This Week in Betting, A-Z
by Trevor Whenham - 10/26/2009
A - Alabama. Up until this week it seemed like Alabama was clearly the best team in the country. They remained undefeated, but some chinks in their armor were exposed by Tennessee. Alabama's lack of a dynamic offense almost came back to haunt them as they managed only four field goals against a stout Monte Kiffin-led Tennessee defense. The Tide have the gigantic Terrence Cody to thank for avoiding humiliation. The enormous nose tackle blocked two field goals in the fourth quarter, including one as time expired, to maintain his team's narrow margin of victory.
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B - Buckeyes. After a humiliating loss to Purdue last week that caused the faithful to question every aspect of the program, Ohio State bounced back strong this week to silence some critics. Terrelle Pryor was far from perfect, but he was a heck of a lot better than he has been lately, throwing for two TDs and adding another on the ground. The offense was the most competent it has been in weeks, and the defense completely stifled Minnesota.
C - Connecticut. It was almost, but not quite, a fitting ending to a tragic week for UConn. The Huskies took the lead with less than four minutes left and looked like they would win one to honor slain teammate Jasper Howard. But then Noel Devine broke a 56-yard run for a TD less than two minutes later to put West Virginia up for good. Though the result was frustrating, the reception the West Virginia fans gave the Huskies players when they took the field at the start of the game was truly moving.
D - Dolphins. Memo to Miami players: NFL games are four quarters long, not three. Through three quarters the Dolphins were engineering an impressive upset, leading the Saints by 10 and frustrating Drew Brees. Then the Saints scored 22 unanswered fourth quarter points to take a convincing lead of their own to stay undefeated. Ouch. Despite the loss, the Dolphins had a star turn from an interesting place - Ricky Williams scored three touchdowns despite only carrying the ball nine times.
E - Extension. It seems very strange to contemplate a world in which Tony La Russa isn't a major league manager. Thankfully, we don't have to come to terms with that reality just yet. After letting the playoff frustration simmer for a few days, La Russa has reportedly decided to return for one more year at the helm of the Cardinals. If La Russa sticks to the idea of retiring next year, then 2011 could be a very strange year - one without lifers La Russa, Bobby Cox, and perhaps even Joe Torre.
F - Familiar face. I couldn't be happier for Alex Smith. After injuries and personal problems sidelined his career, the former No. 1 overall pick was back in action for the Niners on Sunday. He replaced Shaun Hill after the Texans got off to a huge lead, and almost pulled off a miraculous road comeback. He connected three times with Vernon Davis and gave the team a visible spark. It was certainly enough to earn another shot. Beyond Smith, the game was notable because it saw the debut of holdout diva Michael Crabtree. Crabtree wasn't spectacular, but he had five catches for 56 yards and looked surprisingly comfortable.
G - Golf. It may be a mostly meaningless tournament, but the Frys.com PGA event this week was just crazy. Troy Matteson won in a playoff after scoring back-to-back 61s on Friday and Saturday - the lowest two-day score in PGA history. Rickie Fowler, who has only been a pro for a month, had an ace on Sunday to make the playoff. On Saturday, Nicholas Thompson had a double eagle on the par 5 11th, and then followed it up two holes later with a hole-in-one. Crazy.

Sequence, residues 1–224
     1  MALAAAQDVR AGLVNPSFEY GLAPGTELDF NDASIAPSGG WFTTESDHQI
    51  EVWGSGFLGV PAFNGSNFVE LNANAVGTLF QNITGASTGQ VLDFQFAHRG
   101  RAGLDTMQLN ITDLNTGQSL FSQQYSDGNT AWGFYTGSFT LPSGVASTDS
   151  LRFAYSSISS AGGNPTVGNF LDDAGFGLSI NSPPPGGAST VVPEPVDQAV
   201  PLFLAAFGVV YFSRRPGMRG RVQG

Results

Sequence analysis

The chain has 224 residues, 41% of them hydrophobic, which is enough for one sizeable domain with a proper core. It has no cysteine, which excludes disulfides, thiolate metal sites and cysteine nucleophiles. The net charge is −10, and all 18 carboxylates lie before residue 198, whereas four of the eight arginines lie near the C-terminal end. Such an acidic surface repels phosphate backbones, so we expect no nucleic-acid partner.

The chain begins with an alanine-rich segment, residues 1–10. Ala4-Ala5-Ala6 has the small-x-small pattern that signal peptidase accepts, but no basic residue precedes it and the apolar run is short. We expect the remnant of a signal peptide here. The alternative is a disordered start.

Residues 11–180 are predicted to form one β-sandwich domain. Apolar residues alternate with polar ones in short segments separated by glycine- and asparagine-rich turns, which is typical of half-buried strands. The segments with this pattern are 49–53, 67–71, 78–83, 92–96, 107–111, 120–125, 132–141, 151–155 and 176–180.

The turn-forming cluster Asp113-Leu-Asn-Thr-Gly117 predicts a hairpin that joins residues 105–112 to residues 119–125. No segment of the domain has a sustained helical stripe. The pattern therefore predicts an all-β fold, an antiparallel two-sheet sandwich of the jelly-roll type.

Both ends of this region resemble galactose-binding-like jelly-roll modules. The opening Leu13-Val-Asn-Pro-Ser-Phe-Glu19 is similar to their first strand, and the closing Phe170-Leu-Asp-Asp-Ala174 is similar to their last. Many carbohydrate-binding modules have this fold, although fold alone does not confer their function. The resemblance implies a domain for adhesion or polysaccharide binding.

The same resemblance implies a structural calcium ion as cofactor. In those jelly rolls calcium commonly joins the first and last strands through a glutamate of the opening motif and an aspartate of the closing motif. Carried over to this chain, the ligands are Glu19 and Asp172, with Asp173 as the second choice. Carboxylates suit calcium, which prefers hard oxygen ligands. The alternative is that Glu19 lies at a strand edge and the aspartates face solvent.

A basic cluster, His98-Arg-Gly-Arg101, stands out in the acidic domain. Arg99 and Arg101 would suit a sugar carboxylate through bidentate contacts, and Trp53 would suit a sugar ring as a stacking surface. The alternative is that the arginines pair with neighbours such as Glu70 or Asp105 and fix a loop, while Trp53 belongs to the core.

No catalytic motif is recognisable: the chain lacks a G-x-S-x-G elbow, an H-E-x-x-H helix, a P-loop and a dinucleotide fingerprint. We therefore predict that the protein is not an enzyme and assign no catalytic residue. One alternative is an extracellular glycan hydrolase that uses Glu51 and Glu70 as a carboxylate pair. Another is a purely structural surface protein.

H - Horned Frogs. I respect Boise State a lot, but it's getting harder and harder not to think that if there is only going to be one BCS Buster this year it should be TCU. The Horned Frogs ripped BYU, the 16th-ranked team in the country, to shreds, in a battle of religious mid-majors. BYU QB Max Hall had thrown for at least 300 yards in five of his seven previous games, but he grew increasingly frustrated as he was limited to just 162 against the potent TCU defense. There aren't that many ranked teams that would beat TCU right now.
I - Iowa State. Is Bill Callahan coaching Nebraska again? The Huskers got off to such a promising start this year, but the last two weeks have been disastrous. They really hit rock bottom this week when they lost at home to Iowa State, a rival that was missing it's two best offensive players, and which hadn't won in Lincoln since 1977. Nebraska clearly didn't want to win this one - they turned the ball over an incredible eight times, including four inside Iowa State's five-yard line. Not many teams will win when they lose five fumbles and throw three interceptions.
J - John Wall. There is a little tension these days in the revitalized basketball heartland of Kentucky. Superfrosh John Wall, the key piece of the team that fans already can picture cutting down the nets in March, is having his eligibility investigated by the NCAA. Wall's AAU coach was a registered international agent for a year, so there are quite likely some issues with improper contact that will have to be dealt with. Though this could be a problem, the worst case is likely that he would have to sit out two or three games. This isn't likely to be the only bump in the road John Calipari faces this year.
K - Kicked on. This was not a good weekend for close, interesting football. There were 12 games played on Sunday. Six were decided by 28 points or more. The losers averaged just 5.5 points, so it didn't make for good football. The Jets enjoyed the widest margin of victory when they beat up on the Raiders, 38-0. The difference in that game was, not surprisingly, the quarterbacks. Mark Sanchez bounced back with a solid game after a couple of disappointments to earn a 114 QB rating, while JaMarcus Russell turned it over three times in the first half before finally and mercifully being benched - hopefully for good.
L - London. There were 84,254 fans at Wembley Stadium to watch the Patriots play the Bucs. I'm guessing that about 11 of them were thrilled with the game they saw. Tom Brady threw two uncharacteristic interceptions, but was still way, way too much for the Bucs to handle. He threw three TDs to lead his team to a 35-7 win. Tampa's Josh Johnson responded by completing just 35 percent of his passes with three interceptions. It was not a pretty affair.
M - Miami. The Hurricanes showed that they aren't ready for prime time just yet. After coming through mostly unscathed against an incredibly tough early schedule, Miami appeared to relax a bit too much this week and they paid for it with an overtime loss to Clemson. The Tigers were a one-man wrecking crew - C.J. Spiller finally lived up to his reputation. He ran for 81 yards, had 104 yards receiving and a touchdown, and scored again on a 90-yard kick return. Those 310 yards -- plus three interceptions from Maimi QB Jacory Harris -- were enough to sink the Hurricanes.